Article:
i’m sketching out the finer points of a fic where dennis comes out and he and mac start dating but dennis is concerned that they’re not doing the whole “gay” thing properly and that they don’t have enough “status” in the “community” so he signs himself and mac up to volunteer with some lgbt youth, and i guess the community centre is just understaffed enough that they allow mac and dennis to run the tuesday night lgbt youth group all by themselves, and it goes about as well as you can imagine. one girl asks if mac and dennis can give her a ride to goodwill on the weekend to get some feminine clothes and dennis explains that goodwill is full of bedbugs and diseases and they take her on a shoplifting tour of forever 21 and claire’s instead. a boy comes in upset about his father refusing to let him see his boyfriend, and the very next morning that dad walks out to the curb to find his tires slashed and his windows shattered and a single log of poop sitting in the middle of the driver’s seat. one girl is sad because she doesn’t know where to find a girlfriend and mac and dennis take her to a sold-out tegan and sara concert (i.e., sneak her in through the stage door in an elaborate disguise) and proceed to wingman her all night by pretending to be her overenthusiastic gay dads.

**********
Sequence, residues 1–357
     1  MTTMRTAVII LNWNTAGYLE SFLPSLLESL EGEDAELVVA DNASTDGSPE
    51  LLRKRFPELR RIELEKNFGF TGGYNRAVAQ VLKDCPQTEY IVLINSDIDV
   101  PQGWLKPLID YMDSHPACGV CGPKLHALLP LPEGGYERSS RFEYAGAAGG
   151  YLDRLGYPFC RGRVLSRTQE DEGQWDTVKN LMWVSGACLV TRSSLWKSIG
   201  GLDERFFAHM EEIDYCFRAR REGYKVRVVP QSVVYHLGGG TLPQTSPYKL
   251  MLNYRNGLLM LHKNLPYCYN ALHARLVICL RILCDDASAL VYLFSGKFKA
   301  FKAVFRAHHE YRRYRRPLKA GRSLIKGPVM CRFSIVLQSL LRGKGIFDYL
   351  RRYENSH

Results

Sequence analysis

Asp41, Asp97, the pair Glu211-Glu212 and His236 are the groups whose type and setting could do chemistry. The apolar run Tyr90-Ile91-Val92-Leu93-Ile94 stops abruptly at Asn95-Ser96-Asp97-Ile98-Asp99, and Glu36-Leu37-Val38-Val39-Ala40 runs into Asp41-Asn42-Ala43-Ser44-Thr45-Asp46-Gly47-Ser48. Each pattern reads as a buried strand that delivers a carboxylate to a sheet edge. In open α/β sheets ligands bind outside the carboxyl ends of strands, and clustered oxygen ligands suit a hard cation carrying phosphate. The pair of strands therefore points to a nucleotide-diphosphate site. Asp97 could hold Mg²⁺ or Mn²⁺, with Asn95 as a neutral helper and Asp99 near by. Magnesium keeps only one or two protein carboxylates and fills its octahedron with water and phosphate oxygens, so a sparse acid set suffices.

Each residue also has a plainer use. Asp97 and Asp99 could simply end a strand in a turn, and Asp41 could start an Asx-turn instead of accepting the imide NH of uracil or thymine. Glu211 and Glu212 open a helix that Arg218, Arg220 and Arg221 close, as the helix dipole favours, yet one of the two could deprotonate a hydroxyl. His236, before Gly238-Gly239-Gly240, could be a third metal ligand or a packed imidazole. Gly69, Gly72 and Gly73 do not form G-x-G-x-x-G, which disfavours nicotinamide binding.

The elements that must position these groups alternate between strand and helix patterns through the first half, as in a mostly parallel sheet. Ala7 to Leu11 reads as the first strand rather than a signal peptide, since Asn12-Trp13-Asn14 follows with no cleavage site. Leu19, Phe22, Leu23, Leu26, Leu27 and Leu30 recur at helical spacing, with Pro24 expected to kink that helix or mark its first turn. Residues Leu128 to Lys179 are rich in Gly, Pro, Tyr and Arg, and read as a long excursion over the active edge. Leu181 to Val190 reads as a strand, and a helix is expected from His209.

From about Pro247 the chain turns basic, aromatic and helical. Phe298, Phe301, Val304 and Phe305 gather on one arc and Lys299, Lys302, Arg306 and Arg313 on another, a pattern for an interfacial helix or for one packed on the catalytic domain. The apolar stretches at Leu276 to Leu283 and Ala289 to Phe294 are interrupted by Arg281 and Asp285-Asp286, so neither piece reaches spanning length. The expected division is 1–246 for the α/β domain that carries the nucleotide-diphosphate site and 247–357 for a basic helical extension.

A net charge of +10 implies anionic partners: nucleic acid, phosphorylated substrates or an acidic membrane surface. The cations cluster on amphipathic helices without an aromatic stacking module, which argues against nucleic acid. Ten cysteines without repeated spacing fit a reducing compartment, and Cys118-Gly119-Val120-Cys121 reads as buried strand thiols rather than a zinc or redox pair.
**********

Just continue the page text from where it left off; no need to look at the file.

vox.com
Republicans’ new #AHCA amendment lets insurers charge sick people more, cover less
Under the latest GOP proposal, insurers could once again charge sick people higher premiums.
By Sarah Kliff

Sarah Kliff at Vox:

House Republicans are floating a new amendment to their health care bill, one that would likely cause even more Americans to lose coverage than the last version.

The American Health Care Act that House Speaker Paul Ryan introduced into the House last February dismantled parts of Obamacare. It also left popular provisions, like a ban on preexisting conditions and the requirement that insurers cover things like maternity care, intact.

This new amendment, offered by Rep. Tom MacArthur (R-NJ), would allow states to waive out of those key Obamacare regulations too.

In particular, this amendment would allow some states to charge higher premiums to Americans with preexisting conditions. States would also have the choice to opt out of the Affordable Care Act’s essential health benefits requirement, as well as the possibility of charging older Americans significantly higher premiums.

Leaders of the staunchly conservative Freedom Caucus have reportedly endorsed this proposal. That makes sense: This amendment would take apart key Obamacare regulations the group has spent years rallying against.

But this amendment doesn’t do much at all to assuage concerns about the older proposals. While it meets many of the demands of the party’s far-right wing — namely, the deregulation of the individual insurance market — it does nothing to address concerns about massive coverage loss. Instead, it likely makes those problems worse.